Monthly Archives: January 2011
Eagle-eyed readers will have spotted already that I’m not CJ, so I’ll introduce myself nice and early. This is Kd, formerly of IroIro Aru Sa!, that old chestnut of a J-Pop blog which CJ mentions occasionally. Having recently gotten into a few lengthy discussions about J-Pop with him, I’ve been offered a guest contributor spot here at TGML and I’ve taken it with both hands. As a near complete contrast to CJ – I’m a Brit female in her early 20′s – I hope you’ll find my style and POV to be complementary but not identical. I give you… my first post. Enjoy!
Patient Progress Report, TGML Institute
Subject: Maki Goto
The Avex Institute in Japan submitted their third and latest status report on the patient, Ms. Goto, for our independent perusal here at TGML, last week. This report, code-named Gloria, was the third delivered to us by Axex since the patient’s departure from Hello! Project and Up-Front Works back in late 2007.
Avex’s first status report, which was code named Sweet Black, utilized various urban-contemporary arrangements, a situation which pleased this analyst given the preceding development’s in the patient’s history: a full-length album in similar style, How to Use Sexy, delivered during the tail-end of her H!P association; her post-H!P training in Los Angeles, leaning towards urban contemporary forms; live covers of Whitney Houston’s “Saving All My Love For You” and Diana King’s “Shy Guy”.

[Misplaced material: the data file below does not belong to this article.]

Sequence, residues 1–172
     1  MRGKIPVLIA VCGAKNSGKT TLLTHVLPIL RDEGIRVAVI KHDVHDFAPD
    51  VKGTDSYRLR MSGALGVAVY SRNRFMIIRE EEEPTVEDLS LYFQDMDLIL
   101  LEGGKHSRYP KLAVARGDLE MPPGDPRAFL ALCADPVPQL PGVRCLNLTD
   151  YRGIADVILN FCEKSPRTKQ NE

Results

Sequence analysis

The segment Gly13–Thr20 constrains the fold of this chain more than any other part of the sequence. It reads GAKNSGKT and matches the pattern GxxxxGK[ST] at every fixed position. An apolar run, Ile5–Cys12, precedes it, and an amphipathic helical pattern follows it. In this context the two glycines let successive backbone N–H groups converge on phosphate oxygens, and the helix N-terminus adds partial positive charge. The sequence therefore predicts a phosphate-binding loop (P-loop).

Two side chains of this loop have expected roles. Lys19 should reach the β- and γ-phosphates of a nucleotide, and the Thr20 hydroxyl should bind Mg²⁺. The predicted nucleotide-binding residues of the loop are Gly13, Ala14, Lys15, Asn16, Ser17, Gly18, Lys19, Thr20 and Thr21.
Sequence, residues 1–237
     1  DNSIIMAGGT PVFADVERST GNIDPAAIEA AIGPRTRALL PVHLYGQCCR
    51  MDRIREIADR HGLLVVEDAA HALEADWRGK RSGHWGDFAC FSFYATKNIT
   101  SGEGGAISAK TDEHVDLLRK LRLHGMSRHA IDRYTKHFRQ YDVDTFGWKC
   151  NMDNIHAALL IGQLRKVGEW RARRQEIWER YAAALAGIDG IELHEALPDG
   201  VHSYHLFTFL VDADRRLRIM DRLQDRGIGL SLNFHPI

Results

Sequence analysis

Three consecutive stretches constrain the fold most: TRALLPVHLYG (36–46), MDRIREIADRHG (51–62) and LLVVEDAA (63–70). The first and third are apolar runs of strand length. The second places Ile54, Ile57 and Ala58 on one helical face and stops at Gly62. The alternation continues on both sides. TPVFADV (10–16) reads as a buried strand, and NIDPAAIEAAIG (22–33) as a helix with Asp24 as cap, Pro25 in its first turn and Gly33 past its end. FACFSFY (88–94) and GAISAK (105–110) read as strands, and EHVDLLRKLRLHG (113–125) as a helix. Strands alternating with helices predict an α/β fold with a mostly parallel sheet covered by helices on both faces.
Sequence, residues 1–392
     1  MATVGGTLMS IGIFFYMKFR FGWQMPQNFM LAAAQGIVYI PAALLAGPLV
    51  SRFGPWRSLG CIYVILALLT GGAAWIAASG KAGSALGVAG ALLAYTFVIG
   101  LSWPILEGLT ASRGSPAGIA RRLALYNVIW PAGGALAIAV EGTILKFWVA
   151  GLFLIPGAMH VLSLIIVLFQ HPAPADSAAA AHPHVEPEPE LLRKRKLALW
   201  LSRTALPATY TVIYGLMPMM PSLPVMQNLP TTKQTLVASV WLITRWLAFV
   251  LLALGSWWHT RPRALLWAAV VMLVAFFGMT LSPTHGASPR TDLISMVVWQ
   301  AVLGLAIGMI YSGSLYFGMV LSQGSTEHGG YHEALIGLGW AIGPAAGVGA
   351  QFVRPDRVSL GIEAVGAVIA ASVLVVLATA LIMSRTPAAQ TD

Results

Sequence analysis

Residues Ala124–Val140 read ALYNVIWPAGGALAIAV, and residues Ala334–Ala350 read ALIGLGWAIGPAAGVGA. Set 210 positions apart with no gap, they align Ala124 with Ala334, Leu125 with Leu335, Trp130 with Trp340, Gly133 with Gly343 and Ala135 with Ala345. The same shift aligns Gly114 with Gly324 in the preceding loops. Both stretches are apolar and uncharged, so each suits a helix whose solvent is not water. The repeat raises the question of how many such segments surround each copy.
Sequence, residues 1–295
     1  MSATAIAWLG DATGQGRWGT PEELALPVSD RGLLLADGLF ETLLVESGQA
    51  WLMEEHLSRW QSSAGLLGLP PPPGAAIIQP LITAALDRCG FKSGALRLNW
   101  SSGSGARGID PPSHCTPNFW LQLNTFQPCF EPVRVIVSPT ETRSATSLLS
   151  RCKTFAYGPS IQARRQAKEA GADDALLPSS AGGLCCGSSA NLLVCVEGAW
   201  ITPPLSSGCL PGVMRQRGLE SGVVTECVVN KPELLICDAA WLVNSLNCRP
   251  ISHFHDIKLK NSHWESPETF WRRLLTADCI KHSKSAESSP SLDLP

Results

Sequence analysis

Her second status, code named One, was a bit troubling. The previous code-named project projected a cute, bubbly, and confident Gocchin, but this one had her on the front cover of the CD looking like a hooker that had been around the block since the Bronze Age. Instead of more urban-style R&B we got somewhat typical technopop.
Now, with her third report, there is cause of confusion and cause for concern. With Gloria, the subject heavily leans toward rock/pop oriented material. As with the previous two reports, Ms. Goto appears to be in excellent voice as always, and the material the Avex Institute has given her to work with has been of a typically high standard.